Thinking About Holiday Spending

Thinking About Holiday Spending

t’s Monday, and it’s the week of Thanksgiving.  I feel like I’m being bombarded with advertisements everywhere I look, and I suspect that the volume is going to up as the week progresses.  Heck, it will probably continue to go up all the way until Christmas itself.

I consider myself pretty sensible when it comes to spending, and my family doesn’t need much stuff.  But, geez, these advertisements are soooo enticing!  It’s true – there are some amazing prices, and some really cool stuff available.  So, how does a prospective shopper keep their brain and their wallet in line?

I have a couple of strategies that I like to use during this oh-so-tempting holiday season.

Making A List…

First, I find list-making essential.  I have an entire binder of lists:  budget lists, grocery lists, christmas card lists, gift ideas, gifts that have been purchased, guest lists for parties.  These lists save me money in a ton of ways, but the most important part of my binder is that it helps keep me from overbuying by helping me focus on the budget AND the desired end-state.

I have a pretty good handle on how much I plan to buy each person for Christmas.  It is important to me that we don’t go crazy with the holiday gifts, so focusing on the list is the main way that I stop myself from buying those “great deals.”  Working with my gift ideas and my budget, the “already purchased” gifts list is often a sobering reminder that I don’t need to buy any more stuff.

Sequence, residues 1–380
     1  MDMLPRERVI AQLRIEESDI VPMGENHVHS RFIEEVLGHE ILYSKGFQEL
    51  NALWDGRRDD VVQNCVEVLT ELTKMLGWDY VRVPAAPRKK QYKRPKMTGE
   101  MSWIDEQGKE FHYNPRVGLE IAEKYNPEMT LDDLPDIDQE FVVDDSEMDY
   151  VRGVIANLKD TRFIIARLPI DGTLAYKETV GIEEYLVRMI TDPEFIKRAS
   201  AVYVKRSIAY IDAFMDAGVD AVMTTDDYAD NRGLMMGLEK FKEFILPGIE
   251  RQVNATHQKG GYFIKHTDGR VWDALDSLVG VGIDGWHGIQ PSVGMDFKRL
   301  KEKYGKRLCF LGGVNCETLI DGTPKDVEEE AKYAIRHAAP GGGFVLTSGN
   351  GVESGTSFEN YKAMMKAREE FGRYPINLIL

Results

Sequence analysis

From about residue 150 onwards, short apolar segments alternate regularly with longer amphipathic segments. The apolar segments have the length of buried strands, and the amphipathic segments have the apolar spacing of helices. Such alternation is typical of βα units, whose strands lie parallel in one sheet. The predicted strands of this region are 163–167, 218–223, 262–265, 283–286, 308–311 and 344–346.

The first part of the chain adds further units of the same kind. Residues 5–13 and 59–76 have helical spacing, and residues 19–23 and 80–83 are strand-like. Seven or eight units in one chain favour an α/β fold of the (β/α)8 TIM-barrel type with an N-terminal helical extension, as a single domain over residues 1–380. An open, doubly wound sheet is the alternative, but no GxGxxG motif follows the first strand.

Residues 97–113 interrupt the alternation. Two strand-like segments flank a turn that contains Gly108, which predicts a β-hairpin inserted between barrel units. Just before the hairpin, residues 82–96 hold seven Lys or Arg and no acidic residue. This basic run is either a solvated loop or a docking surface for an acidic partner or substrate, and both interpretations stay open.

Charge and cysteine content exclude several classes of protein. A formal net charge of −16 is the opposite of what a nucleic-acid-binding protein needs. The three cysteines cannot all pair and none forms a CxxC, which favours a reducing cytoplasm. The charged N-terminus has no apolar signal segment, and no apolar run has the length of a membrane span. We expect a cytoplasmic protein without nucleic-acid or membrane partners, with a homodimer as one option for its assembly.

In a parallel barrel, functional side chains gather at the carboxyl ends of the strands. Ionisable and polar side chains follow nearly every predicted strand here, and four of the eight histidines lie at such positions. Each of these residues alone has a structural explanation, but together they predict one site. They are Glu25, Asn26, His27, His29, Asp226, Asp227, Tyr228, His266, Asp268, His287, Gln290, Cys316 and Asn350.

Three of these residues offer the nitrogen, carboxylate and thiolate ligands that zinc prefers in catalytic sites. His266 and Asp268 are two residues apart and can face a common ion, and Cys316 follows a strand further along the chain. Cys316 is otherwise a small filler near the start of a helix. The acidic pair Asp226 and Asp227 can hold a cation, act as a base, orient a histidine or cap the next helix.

Checking It Twice

Another tactic for keeping holiday shopping in line is to compare the prices that are being advertised.  This isn’t always easy, but sometimes a little research will reveal that those stupendous prices aren’t quite as stupendous as they seem.  It’s also useful to remember that great prices can be found over the course of the year.

The other thing to check is the budget.  Our Christmas budget is based on paying for everything without using debt, so keeping an eye on the dollars is important to me.  I encourage you to consider avoiding debt for Christmas, too….

Consider The Calendar

The holiday season might only be four or five weeks, but it’s not uncommon for a family to spend a disproportionately large amount of their annual budget in the November and December time-frame.  Remembering that those expenses are going to keep coming is a good way to keep the early season shopping in check.  This is another place where those lists come in handy; I find it easier to resist the shopping when I remember that we still haven’t paid for our Nutcracker tickets.

Resisting the lure of the holiday shopping season can be challenging.  Any of my methods might help you, or maybe you have a plan of your own.  If so, please let us all know in the comments – a little extra help is always appreciated this time of year.

About the Author

Kate Horrell
Kate Horrell is a military financial coach, mom of four teens, and Navy spouse. She has a background in taxes and mortgage banking, and a trove of experience helping other military families with their money. Follow her on twitter @realKateHorrell.